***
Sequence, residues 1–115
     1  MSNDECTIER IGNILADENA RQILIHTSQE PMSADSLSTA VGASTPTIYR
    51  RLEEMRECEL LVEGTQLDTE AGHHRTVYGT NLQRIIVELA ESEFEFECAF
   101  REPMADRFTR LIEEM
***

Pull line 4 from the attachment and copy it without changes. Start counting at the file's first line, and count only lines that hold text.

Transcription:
   101  REPMADRFTR LIEEM